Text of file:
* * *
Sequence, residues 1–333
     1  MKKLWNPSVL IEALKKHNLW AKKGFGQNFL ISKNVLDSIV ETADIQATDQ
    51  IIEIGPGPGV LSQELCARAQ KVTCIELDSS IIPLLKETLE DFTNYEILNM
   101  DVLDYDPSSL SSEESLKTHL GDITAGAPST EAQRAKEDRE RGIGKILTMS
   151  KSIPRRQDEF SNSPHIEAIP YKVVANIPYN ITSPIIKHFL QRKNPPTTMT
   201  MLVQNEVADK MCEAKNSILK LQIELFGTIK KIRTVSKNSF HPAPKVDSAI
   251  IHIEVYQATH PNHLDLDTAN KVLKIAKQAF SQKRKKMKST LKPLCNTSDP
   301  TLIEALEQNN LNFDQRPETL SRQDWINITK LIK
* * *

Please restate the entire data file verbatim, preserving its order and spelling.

Sequence, residues 1–333
     1  MKKLWNPSVL IEALKKHNLW AKKGFGQNFL ISKNVLDSIV ETADIQATDQ
    51  IIEIGPGPGV LSQELCARAQ KVTCIELDSS IIPLLKETLE DFTNYEILNM
   101  DVLDYDPSSL SSEESLKTHL GDITAGAPST EAQRAKEDRE RGIGKILTMS
   151  KSIPRRQDEF SNSPHIEAIP YKVVANIPYN ITSPIIKHFL QRKNPPTTMT
   201  MLVQNEVADK MCEAKNSILK LQIELFGTIK KIRTVSKNSF HPAPKVDSAI
   251  IHIEVYQATH PNHLDLDTAN KVLKIAKQAF SQKRKKMKST LKPLCNTSDP
   301  TLIEALEQNN LNFDQRPETL SRQDWINITK LIK